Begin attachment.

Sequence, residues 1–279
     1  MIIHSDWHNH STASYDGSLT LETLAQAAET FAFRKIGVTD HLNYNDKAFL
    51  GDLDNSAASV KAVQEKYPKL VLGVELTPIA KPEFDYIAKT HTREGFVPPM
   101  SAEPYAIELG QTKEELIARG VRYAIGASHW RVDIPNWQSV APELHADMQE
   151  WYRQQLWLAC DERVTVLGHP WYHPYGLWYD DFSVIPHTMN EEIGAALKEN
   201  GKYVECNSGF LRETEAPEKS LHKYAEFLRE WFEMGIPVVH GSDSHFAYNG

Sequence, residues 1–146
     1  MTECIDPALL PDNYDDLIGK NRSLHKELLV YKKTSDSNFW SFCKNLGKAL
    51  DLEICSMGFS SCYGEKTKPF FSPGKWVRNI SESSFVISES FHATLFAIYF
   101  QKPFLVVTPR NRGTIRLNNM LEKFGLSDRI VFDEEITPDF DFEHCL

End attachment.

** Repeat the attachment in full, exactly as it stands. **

Sequence, residues 1–279
     1  MIIHSDWHNH STASYDGSLT LETLAQAAET FAFRKIGVTD HLNYNDKAFL
    51  GDLDNSAASV KAVQEKYPKL VLGVELTPIA KPEFDYIAKT HTREGFVPPM
   101  SAEPYAIELG QTKEELIARG VRYAIGASHW RVDIPNWQSV APELHADMQE
   151  WYRQQLWLAC DERVTVLGHP WYHPYGLWYD DFSVIPHTMN EEIGAALKEN
   201  GKYVECNSGF LRETEAPEKS LHKYAEFLRE WFEMGIPVVH GSDSHFAYNG

Sequence, residues 1–146
     1  MTECIDPALL PDNYDDLIGK NRSLHKELLV YKKTSDSNFW SFCKNLGKAL
    51  DLEICSMGFS SCYGEKTKPF FSPGKWVRNI SESSFVISES FHATLFAIYF
   101  QKPFLVVTPR NRGTIRLNNM LEKFGLSDRI VFDEEITPDF DFEHCL